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Why don’t X-Y plots of latitude and longitude data look “right” compared to traditional map views?

For example, here’s an X-Y scatterplot of some of Jenson Button’s McLaren telemetry data from the 2010 Australian Formula One Grand Prix: The image was generated, from a data file hosted on Google Spreadsheets, using the following R script, and the ggplot2 library:

require(ggplot2)
require(RCurl)

#Data was originally grabbed from the McLaren F1 Live Dashboard during the race and is Copyright (�) McLaren Marketing Ltd 2010 (I think? Or possibly Vodafone McLaren Mercedes F1 2010(?)). I believe that speed, throttle and brake data were sponsored by Vodafone.
key='0AmbQbL4Lrd61dER5Qnl3bHo4MkVNRlZ1OVdicnZnTHc'
q='select *'

#Run the query on the database
df=gsqAPI(key,q)

#Sanity check - preview the imported data

#Example circuit map - sort of - showing the gLat (latitudinal 'g-force') values around the circuit (point size is absolute value of gLat, colour has two values, one for + and one for - values (swing to left and swing to right)).
g=ggplot(df) + geom_point(aes(x=NGPSLongitude,y=NGPSLatitude,col=sign(gLat),size=abs(gLat)))
print(g)

What’s lacking is a projection from the everyday Cartesian coordinate system to something like a Mercator based projection. Fortunately, the Grammar of Graphics model that underpins ggplot allows us to write the necessary co-ordinate system transformation into our chart generating command:

ggplot(df) + geom_point(aes(x=NGPSLongitude,y=NGPSLatitude,col=sign(gLat),size=abs(gLat))) + coord_map(project="mercator")

Here’s the result: (Note: I haven’t totally got my head round what the different co-ordinate transforms do, or how they relate to any sort of ‘reality’! But they’re another thing I’m now aware of…;-)

As to what the chart shows? It’s a plot of how the latitudinal (left-right) ‘g-force’ acts on Button as he tours the circuit. The points are coloured according to whether the force acts from the left or the right (+ or -) and sized according to the magnitude of the force (away from normal?). So it points out left and right hand corners and how tight they are, essentially;-)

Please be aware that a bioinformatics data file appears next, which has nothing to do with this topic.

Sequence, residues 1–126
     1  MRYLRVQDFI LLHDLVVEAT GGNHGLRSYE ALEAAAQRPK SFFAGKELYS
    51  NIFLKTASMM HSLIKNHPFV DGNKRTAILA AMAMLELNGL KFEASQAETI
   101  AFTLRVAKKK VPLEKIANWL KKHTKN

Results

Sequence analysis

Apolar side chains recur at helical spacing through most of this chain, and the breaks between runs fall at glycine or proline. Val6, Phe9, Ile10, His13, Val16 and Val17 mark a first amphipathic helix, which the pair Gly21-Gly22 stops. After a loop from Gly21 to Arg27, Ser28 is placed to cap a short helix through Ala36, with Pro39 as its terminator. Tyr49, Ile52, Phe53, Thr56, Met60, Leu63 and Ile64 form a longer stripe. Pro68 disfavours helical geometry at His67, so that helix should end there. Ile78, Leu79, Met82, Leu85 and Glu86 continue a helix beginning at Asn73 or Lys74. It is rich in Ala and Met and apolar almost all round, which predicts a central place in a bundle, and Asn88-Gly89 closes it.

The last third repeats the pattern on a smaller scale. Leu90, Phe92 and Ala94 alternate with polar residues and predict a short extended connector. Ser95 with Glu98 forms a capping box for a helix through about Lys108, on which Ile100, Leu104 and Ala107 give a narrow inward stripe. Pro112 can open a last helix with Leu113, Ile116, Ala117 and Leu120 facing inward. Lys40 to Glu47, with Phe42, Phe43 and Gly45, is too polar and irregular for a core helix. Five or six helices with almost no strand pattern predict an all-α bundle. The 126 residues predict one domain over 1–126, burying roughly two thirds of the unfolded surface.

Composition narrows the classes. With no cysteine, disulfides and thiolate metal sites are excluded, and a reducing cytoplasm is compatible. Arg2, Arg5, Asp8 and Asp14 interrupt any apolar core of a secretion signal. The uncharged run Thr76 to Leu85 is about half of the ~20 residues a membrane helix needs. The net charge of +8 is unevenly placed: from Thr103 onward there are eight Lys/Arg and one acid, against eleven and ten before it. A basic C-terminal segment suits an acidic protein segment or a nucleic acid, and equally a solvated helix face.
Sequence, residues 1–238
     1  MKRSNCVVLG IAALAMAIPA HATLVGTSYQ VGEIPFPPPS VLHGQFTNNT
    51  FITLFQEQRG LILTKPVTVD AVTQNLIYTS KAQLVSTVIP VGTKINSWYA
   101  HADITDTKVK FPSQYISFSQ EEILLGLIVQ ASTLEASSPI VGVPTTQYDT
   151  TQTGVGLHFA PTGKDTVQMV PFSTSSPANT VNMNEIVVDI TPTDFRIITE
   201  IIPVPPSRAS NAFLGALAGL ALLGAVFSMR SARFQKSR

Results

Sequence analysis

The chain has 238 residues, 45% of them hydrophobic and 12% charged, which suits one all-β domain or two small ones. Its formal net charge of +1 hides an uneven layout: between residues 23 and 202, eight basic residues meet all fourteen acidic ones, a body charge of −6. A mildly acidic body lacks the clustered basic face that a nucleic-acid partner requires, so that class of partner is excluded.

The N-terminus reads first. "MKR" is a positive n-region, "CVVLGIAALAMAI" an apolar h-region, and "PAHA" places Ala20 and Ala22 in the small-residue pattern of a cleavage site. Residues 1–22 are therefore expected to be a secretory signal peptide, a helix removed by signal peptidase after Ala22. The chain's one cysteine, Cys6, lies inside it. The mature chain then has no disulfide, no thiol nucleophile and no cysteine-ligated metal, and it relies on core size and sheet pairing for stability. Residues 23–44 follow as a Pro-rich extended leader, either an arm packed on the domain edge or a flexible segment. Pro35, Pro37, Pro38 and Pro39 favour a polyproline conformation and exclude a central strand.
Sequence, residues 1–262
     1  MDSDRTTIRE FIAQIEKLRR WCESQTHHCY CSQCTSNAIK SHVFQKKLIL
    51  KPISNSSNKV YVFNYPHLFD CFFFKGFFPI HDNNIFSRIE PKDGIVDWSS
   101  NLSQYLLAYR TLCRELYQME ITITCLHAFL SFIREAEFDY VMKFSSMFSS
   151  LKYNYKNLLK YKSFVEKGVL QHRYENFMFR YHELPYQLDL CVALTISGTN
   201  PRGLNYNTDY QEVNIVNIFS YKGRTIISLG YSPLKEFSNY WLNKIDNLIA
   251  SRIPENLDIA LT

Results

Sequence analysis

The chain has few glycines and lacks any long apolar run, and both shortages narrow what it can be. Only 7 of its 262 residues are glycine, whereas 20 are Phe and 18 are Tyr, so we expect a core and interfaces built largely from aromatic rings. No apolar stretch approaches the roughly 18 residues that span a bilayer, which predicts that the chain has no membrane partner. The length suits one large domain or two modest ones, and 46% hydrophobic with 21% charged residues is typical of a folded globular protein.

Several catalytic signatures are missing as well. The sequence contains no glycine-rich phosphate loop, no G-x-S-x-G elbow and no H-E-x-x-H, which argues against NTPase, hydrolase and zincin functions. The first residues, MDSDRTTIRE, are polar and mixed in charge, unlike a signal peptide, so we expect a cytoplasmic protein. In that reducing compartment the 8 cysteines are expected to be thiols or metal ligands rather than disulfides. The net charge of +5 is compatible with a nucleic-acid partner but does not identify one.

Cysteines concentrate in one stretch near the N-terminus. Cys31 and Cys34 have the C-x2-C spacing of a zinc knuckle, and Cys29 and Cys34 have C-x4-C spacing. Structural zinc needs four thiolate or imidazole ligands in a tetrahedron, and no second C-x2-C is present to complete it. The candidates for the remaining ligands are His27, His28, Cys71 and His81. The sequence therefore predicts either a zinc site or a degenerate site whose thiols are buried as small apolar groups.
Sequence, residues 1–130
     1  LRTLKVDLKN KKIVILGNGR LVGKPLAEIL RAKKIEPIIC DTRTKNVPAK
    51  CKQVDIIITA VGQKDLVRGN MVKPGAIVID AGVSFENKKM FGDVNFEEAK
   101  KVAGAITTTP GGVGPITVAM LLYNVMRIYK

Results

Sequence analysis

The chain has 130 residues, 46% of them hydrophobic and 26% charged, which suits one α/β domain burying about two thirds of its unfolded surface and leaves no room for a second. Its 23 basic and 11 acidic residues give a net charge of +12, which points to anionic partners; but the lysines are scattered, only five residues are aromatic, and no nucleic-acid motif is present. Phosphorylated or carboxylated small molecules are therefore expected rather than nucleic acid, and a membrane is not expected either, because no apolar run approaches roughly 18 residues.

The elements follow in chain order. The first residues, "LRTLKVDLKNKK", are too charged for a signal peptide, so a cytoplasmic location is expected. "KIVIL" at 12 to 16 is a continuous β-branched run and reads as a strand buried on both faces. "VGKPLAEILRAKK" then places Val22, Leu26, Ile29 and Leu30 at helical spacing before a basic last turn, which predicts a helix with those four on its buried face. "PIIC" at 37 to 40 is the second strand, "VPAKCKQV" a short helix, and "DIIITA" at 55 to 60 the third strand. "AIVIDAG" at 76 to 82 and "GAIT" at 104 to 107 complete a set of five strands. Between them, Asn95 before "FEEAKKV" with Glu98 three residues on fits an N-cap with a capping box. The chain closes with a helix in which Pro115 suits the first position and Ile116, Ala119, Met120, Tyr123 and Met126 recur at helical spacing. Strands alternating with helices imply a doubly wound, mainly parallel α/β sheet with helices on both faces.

To show just how easy it is to write simple graphics and even statistical charts using ggplot, here are a few more examples:

#Example "driver DNA" trace, showing low gear  throttle usage (distance round track on x-axis, lap number on y axis, node size is inversely proportional to gear number (low gear, large point size), colour relativ to throttlepedal depression
print(g) I started calling things like the above chart “Driver DNA” charts – the x-axis represents distance round the track, the y-axis is lap number. In this case, nodes are sized inversely proportionally to the gear (so low gear, large pointsize) and coloured by throttle pedal pressure. You’ll notice how consistent Button is lap on lap. The idea behind the colouring/sizing for this chart was that it would provide a glimpse into behaviour around low gear turns.

#Example of gear value around the track
g=ggplot(df) + geom_line(aes(x=sLap,y=NGear))
print(g) This chart soooo reminds me of simple op art…:-) I’m not sure how useful it is for showing gear selection according to distance round the track, but I just love the line of it:-)

#We can also show a trace for a single lap, such as speed coloured by gear
g=ggplot(subset(df,Lap==22)) + geom_line(aes(x=sLap,y=vCar,colour=NGear))
print(g) ggplot can, of course, do line charts. In the above example, I make an intitial exploration into how line segment colour can be used to highlight gear selection that allows the car to reach the speed (y-axis) it does as it goes round the circuit (x is distance round lap).

#We can also do statistical graphics - like a boxplot showing the distribution of speed values by gear
g = ggplot(df) + geom_boxplot(aes(factor(NGear),vCar))